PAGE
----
Surprisingly, patterns 1 and 15 have not been implemented in Physics books with a low level of difficulty. The most frequent pattern used in the books that correspond to this level is pattern 3 (18.64) and the least used pattern, other than types 1 and 15, is pattern 5 (1.30). The other patterns fall somewhere in between. Table 11 displays the order of the patterns in terms of their frequency of occurrence.

Table 11

Patterns in Physics Books with a Low Level of Difficulty in Order of Occurrence

No.

Pat.

Raw

%

No.

Pat.

Raw

%

1

3

134

18.64

9

14

26

3.57

2

6

89

12.37

10

11

24

3.39

3

8

86

11.96

11

4

24

3.31

4

10

82

11.44

12

7

13

1.96

5

2

71

9.86

13

5

9

1.30

6

12

64

9.39

14

1

0

0

7

13

61

8.47

15

15

0

0

8

9

32

4.50

 

 

 

 

Given the argument made by Systemists that complexity in scientific language is achieved mainly through specific terminology and nominalization, this study addressed the question of whether the difficulty level and complexity of the textbooks are reflected in nominalization density. Comparing nominalization density and readability or complexity has proved the claim by systemists (SFL) about the direct relation between nominalization density and readability or complexity (See Tables 8 & 10).

Nominal expressions in Physics books with a high level of difficulty are more frequent than the nominal expressions in Physics books with a low level of difficulty. This result shows the correspondence between nominalization density and text complexity claimed in the literature. Thus, nominalization density is reflected in the difficulty level of the sample of hard science textbooks.

In comparing the order of occurrence of nominal expression types (Tables 9 & 11), results revealed variations in Physics textbooks with high and low levels of difficulty. The most frequent types of nominal expressions in the two sets of books are patterns 3 and 6. This result might lead us to conclude that these latter patterns represent disciplinary specificity without considering complexity or readability. Besides minor variations, we could identify little appreciable difference in the way nominal expression types are rendered in the Physics textbooks. The results driven from the comparison by the Chi-Square are displayed in Table 12.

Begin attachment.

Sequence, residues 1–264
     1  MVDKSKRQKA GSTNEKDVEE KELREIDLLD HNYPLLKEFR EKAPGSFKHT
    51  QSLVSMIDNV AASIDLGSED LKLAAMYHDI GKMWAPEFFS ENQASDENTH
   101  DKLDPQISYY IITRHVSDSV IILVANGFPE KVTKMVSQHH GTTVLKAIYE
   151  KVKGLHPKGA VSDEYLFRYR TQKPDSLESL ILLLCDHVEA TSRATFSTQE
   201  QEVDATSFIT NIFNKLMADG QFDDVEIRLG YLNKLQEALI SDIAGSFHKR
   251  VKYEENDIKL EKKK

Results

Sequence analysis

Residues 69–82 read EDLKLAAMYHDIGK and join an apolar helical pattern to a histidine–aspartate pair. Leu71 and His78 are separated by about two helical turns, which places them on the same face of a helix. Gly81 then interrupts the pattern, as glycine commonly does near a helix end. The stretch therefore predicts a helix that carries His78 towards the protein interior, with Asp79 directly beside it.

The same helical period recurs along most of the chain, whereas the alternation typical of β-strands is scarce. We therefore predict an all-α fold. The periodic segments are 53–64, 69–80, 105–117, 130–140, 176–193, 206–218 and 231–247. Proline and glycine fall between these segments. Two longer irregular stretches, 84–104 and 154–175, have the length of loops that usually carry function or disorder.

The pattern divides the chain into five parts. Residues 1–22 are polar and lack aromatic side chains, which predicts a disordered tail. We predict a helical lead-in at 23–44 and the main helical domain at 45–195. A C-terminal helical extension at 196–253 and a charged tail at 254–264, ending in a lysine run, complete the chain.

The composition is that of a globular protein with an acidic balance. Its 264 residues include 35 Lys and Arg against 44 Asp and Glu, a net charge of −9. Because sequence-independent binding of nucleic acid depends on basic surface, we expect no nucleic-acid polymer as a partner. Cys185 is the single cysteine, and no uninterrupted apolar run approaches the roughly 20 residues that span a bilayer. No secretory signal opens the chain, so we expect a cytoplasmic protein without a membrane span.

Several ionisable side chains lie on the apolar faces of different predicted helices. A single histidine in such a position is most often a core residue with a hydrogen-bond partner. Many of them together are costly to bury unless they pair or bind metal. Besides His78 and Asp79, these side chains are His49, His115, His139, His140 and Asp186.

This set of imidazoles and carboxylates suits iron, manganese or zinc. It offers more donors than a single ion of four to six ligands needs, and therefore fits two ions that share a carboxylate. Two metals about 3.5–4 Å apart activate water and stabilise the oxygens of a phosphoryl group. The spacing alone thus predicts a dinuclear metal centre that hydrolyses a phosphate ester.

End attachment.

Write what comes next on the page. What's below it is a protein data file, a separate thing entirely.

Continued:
Table 12

Nominal Patterns Frequency Comparison in Physics Books

P

Chi-square

df

Nominal patterns

0.000*

29.03

1

1

0.000

2.82

1

2

0.009

3.01

1

3

0.013

2.70

1

4

0.003*

14.21

1

5

0.542

0.48

1

6

0.469

0.17

1

7

0.000*

24.92

1

8

0.011

2.78

1

9

0.000*

54.79

1

10

0.004*

4.84

1

11

0.000*

28.58

1

12

0.000*

26.65

1

13

0.849

0

1

14

0.000*

23.04

1

15

What stands out from the statistics shown in Table 12 marks a statistically significant difference in patterns 1, 5, 8, 10, 11, 12, 13 and 15 between the books with high and low levels of difficulty.

Pattern 1 ((Preposition) + Nominal + Infinitive)

The distribution of this pattern with the core obligatory syntactic structure of Nominal + Infinitive (5.64%) only in the Physics books with a high level of difficulty illustrates complexity distinction. Distributed in all the Physics books with a high level of difficulty, this pattern can hardly be considered as an individual stylistic preference. In general, pattern 1, which serves the textual function of purpose and possibility, is shown in the examples presented below:

There is, however, a possibility to start with energies larger than N_/2,which correspond to negative temperatures from Eq. (4.20). (Ph. 2. H)

1)       The first step to find the equilibrium positions is, __q ∗ 1_, , , __q ∗ n_, by minimizing the potential. (Ph. 4. H)

Pattern 5 (Preposition + Nominal + Deictic)